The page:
MORTGAGE holders with Ulster Bank whose loans were sold to a US vulture fund last year were annoyed to get letters this week confirming the sale of the loans.
The sale was announced last July, and completed in October.
But some of those affected only got letters this week telling them their loans would now be serviced by Pepper in Shannon.
The timing has been questioned given the disruption caused by the pandemic, while some of those whose loans were sold claim the bank refused to properly engage with them.
The bank insists the letters have been going out for months, and customers were well aware their loans were deep arrears.
The sale includes 2,800 home mortgages and 375 buy-to-let loans.
US vulture fund CarVal is the buyer of a portfolio that the bank has called Project Deenish.
The bank has insisted mortgage holders were given every chance to strike a deal with it to avoid having their loan sold, but some of those whose loans were offloaded dispute this.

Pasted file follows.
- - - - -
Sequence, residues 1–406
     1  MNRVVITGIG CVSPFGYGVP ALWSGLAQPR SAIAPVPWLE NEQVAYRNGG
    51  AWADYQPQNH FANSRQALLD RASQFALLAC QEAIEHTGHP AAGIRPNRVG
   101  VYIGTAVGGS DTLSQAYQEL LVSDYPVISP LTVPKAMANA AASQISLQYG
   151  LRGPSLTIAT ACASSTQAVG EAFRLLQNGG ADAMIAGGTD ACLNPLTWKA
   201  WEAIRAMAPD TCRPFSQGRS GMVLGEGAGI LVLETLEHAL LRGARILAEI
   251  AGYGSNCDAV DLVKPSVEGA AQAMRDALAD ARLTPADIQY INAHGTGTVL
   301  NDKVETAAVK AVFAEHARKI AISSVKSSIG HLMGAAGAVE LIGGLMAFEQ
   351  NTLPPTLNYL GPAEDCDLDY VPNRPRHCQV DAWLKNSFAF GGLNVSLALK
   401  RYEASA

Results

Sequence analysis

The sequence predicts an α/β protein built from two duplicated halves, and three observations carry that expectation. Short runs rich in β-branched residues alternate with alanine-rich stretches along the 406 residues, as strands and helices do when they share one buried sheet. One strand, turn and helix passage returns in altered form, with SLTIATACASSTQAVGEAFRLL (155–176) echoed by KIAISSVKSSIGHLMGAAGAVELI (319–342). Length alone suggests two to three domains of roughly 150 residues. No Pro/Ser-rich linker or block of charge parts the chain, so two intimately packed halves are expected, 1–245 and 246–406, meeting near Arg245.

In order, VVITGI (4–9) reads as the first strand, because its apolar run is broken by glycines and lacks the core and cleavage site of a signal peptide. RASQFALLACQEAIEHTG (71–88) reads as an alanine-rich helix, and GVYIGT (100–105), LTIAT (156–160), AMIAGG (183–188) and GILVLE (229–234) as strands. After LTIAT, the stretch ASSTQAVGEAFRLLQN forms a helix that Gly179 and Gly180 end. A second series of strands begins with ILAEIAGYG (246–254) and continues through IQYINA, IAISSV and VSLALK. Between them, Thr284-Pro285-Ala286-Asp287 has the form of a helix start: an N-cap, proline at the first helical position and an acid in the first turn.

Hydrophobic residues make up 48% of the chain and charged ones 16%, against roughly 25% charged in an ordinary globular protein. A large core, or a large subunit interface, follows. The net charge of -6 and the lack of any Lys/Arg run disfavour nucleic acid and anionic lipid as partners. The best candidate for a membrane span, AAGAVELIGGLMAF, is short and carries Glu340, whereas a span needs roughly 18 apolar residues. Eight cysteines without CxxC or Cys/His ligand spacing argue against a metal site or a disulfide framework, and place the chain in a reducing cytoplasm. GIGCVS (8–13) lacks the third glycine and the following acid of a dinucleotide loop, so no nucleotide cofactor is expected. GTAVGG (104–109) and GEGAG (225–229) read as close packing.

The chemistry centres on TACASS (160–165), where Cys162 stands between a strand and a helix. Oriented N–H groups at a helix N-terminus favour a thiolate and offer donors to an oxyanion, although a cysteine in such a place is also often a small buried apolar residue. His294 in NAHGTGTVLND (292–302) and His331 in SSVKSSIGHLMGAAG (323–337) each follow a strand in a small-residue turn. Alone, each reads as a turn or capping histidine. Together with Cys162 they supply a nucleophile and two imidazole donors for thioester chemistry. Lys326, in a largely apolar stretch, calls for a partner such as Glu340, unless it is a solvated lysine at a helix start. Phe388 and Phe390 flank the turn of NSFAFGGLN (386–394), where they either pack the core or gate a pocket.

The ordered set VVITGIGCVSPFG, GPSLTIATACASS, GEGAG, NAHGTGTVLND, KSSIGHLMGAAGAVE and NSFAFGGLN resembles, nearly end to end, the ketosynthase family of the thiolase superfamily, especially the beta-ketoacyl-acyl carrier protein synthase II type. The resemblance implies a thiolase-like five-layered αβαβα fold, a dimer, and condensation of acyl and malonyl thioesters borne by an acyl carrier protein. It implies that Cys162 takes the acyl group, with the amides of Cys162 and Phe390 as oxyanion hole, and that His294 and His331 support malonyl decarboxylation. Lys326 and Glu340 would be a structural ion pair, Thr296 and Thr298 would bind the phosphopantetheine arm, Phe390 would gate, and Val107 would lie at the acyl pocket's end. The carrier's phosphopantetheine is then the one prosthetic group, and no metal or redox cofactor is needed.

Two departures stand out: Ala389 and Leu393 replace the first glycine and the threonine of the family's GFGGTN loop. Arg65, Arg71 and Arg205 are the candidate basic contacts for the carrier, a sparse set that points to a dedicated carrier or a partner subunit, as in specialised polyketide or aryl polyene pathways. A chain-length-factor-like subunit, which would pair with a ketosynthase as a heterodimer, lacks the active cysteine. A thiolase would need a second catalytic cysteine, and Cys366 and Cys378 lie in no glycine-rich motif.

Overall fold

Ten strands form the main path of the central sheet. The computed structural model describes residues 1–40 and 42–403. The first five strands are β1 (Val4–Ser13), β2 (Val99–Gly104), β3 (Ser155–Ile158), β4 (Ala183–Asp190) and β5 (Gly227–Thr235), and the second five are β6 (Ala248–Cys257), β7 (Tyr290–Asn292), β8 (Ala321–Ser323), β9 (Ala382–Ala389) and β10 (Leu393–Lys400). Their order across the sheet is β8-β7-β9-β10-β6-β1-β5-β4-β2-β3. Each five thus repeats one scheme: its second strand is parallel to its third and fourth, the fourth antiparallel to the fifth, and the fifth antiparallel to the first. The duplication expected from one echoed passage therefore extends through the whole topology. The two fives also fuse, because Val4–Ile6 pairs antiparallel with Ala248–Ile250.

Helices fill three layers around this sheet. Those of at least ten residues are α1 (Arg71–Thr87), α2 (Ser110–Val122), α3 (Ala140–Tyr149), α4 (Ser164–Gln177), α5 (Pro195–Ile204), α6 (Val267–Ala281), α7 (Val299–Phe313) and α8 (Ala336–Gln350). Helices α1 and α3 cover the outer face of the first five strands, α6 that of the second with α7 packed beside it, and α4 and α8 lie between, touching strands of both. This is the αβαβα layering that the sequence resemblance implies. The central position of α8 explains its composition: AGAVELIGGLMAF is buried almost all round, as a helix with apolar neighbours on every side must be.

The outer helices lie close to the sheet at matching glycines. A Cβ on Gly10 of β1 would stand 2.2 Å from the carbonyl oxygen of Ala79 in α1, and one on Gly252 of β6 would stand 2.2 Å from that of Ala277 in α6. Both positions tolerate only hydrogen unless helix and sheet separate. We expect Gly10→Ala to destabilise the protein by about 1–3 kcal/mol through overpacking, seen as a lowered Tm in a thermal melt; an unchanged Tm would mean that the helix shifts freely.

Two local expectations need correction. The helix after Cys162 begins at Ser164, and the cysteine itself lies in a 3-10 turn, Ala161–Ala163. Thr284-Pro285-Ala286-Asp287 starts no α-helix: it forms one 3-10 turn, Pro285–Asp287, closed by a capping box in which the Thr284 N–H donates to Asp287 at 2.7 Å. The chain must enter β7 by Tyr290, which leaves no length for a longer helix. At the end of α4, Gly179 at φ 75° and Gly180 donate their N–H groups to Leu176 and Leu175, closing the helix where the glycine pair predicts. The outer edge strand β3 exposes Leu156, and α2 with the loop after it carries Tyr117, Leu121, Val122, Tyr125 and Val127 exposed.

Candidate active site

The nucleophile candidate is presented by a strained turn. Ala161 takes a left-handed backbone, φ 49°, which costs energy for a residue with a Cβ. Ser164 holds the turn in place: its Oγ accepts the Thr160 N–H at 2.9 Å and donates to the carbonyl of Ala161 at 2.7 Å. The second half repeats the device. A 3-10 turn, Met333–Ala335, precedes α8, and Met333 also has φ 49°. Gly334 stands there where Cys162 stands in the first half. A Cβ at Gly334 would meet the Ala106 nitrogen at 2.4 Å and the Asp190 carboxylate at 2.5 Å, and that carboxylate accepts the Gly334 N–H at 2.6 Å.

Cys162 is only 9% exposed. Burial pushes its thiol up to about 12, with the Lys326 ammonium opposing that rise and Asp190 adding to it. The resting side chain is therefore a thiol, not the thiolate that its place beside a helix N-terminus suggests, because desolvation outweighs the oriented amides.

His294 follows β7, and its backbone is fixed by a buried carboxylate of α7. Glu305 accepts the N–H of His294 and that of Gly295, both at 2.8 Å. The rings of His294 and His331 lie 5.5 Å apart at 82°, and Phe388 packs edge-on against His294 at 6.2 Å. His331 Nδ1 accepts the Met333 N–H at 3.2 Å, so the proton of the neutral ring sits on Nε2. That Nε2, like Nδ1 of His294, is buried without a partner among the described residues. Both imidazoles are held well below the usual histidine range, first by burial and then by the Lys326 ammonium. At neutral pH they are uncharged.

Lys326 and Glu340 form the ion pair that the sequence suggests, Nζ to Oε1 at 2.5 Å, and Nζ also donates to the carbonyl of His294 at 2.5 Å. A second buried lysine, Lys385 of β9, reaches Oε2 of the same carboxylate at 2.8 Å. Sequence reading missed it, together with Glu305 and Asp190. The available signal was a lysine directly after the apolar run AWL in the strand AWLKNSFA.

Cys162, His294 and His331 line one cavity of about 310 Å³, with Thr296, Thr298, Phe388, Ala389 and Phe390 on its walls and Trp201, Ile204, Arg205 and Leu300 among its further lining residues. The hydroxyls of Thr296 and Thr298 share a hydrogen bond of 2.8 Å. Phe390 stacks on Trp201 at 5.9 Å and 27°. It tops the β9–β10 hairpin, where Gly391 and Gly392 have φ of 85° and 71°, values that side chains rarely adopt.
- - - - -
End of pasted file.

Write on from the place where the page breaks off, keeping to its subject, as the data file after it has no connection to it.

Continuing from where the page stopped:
One residential mortgage holder questioned the timing of the sale.
He said he had tried to put an arrangement in place to clear his arrears, but claimed the bank did not come back to him on this before the loan was sold.
“I put proposals to the bank. The bank rejected it so I appealed it within the bank. Before I got any word back on the appeal I got a letter telling me my mortgage was sold,” the man, who did not want to be named, said.
David Hall of the Irish Mortgage Holders Organisation also claimed Ulster Bank had failed to properly engage with the debtors before selling the non-performing loan portfolio.
Pepper Finance Corporation (Ireland) DAC is the new legal owner and servicer of the mortgages. The purchase was financed by funds managed by CarVal Investors.
A subsidiary of CaVal called Dennett was set up in Dublin last October and holds the title to the loans, according to company office filing.
The portfolio was sold for €800m.
Asked about the sale, Ulster Bank said it was it was a portfolio of non-performing loans which was announced last year.
A spokeswoman for Ulster Bank declined to put a value on the discounted price of the transaction.
Ulster Bank insisted it actively works “with customers in financial difficulty to find a solution that keeps them in their home while paying a mortgage that is affordable for them in the long run and have been able to do so for four out of five customers”.
It said that it is not possible to work out a deal with every customer as the mortgage may not be sustainable.
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